Yukon and I knew we might be heading into hot water with Wolf when we conducted our weekly Hour of Power via the room phone from the 9th floor of the Disneyland Hotel suite thoughtfully provided for us by Disney.
Wolf, I'm sure, feels bad sometimes when Bear gets to go places he doesn't, and justifiably so. I'd be ticked if it were me. Disneyland is the top of most kids' fantasy vacation list, and our oldest son's was no different.
I'd spent two whirlwind days exploring Disneyland and adjoining California Adventure with six year-old and 49 year-old children. Park work, part play, it was my job to find the undiscovered, or at least unwritten-about "little things" at both parks. Thinking about Wolf was constant, but not always despairingly so.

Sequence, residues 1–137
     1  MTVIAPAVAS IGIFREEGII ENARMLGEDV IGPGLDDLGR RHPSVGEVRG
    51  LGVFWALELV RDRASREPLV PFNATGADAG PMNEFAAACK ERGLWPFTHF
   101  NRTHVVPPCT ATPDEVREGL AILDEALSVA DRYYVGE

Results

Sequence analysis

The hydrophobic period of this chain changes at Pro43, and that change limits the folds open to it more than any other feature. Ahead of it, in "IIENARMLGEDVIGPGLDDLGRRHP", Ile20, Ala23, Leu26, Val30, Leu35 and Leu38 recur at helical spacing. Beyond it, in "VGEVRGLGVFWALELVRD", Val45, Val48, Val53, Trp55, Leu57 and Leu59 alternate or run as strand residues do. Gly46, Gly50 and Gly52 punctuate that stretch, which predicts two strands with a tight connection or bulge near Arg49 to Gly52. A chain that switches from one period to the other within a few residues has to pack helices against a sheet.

I learned this about Disney: If a child wishes to visit the park and has particular needs, be they physical, mental, social, or otherwise, Disney will make sure it happens. We saw kids in wheelchairs who had broken legs two days before leaving home for the vacation of a lifetime. Kids undergoing chemotherapy, kids with cerebral palsy, sight-impaired children, children in foster care; they were all there, and all were treated with respect and dignity and, most important, just like everybody else. Isn't that what all kids want?
It is comforting to know that should we decide to take Wolf to Disneyland, they would take care of him. And us.